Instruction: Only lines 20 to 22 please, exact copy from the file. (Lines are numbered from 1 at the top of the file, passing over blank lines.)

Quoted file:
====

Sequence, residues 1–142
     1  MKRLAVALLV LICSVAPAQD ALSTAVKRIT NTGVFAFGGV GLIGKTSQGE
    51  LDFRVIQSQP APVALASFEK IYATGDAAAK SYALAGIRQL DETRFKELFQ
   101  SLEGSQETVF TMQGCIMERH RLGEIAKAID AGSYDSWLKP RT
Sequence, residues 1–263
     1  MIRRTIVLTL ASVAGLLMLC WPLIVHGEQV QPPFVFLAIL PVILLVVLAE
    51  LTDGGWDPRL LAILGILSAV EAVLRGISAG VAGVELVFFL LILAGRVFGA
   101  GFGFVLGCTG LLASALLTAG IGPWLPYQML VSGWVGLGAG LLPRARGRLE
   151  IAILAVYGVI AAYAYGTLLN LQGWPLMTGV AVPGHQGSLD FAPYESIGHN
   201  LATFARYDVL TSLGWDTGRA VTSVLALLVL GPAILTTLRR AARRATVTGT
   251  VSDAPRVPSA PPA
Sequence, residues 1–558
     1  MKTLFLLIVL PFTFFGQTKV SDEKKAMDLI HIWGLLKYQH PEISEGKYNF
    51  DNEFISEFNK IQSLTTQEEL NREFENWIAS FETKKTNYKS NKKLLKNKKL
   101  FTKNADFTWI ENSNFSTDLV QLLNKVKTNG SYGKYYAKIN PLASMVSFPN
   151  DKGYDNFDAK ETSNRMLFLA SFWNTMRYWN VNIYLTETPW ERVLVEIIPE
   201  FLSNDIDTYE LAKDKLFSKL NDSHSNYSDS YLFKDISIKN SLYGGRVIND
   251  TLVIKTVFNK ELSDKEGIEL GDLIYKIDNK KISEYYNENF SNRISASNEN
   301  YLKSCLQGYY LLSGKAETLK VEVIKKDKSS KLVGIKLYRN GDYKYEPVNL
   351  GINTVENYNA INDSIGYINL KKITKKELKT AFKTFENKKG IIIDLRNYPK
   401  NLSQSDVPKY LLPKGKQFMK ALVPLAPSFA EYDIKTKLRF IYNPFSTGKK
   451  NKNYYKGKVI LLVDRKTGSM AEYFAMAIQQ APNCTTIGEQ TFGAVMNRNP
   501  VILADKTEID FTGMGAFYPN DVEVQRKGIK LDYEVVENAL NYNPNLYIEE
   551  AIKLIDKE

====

   351  GINTVENYNA INDSIGYINL KKITKKELKT AFKTFENKKG IIIDLRNYPK
   401  NLSQSDVPKY LLPKGKQFMK ALVPLAPSFA EYDIKTKLRF IYNPFSTGKK
   451  NKNYYKGKVI LLVDRKTGSM AEYFAMAIQQ APNCTTIGEQ TFGAVMNRNP